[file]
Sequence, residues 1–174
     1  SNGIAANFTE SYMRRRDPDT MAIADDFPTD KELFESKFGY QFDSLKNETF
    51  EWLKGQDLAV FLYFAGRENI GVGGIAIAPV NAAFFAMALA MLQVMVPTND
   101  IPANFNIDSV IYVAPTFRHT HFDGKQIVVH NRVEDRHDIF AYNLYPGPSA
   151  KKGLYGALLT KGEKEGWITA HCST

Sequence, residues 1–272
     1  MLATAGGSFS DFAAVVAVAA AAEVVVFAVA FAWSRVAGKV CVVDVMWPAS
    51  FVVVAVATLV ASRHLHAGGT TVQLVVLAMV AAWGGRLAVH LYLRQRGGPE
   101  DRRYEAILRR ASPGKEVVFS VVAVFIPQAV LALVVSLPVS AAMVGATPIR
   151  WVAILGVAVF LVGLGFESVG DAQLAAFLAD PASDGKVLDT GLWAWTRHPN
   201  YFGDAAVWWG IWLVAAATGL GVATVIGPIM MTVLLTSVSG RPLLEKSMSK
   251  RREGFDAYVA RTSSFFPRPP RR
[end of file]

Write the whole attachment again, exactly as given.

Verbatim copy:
Sequence, residues 1–174
     1  SNGIAANFTE SYMRRRDPDT MAIADDFPTD KELFESKFGY QFDSLKNETF
    51  EWLKGQDLAV FLYFAGRENI GVGGIAIAPV NAAFFAMALA MLQVMVPTND
   101  IPANFNIDSV IYVAPTFRHT HFDGKQIVVH NRVEDRHDIF AYNLYPGPSA
   151  KKGLYGALLT KGEKEGWITA HCST

Sequence, residues 1–272
     1  MLATAGGSFS DFAAVVAVAA AAEVVVFAVA FAWSRVAGKV CVVDVMWPAS
    51  FVVVAVATLV ASRHLHAGGT TVQLVVLAMV AAWGGRLAVH LYLRQRGGPE
   101  DRRYEAILRR ASPGKEVVFS VVAVFIPQAV LALVVSLPVS AAMVGATPIR
   151  WVAILGVAVF LVGLGFESVG DAQLAAFLAD PASDGKVLDT GLWAWTRHPN
   201  YFGDAAVWWG IWLVAAATGL GVATVIGPIM MTVLLTSVSG RPLLEKSMSK
   251  RREGFDAYVA RTSSFFPRPP RR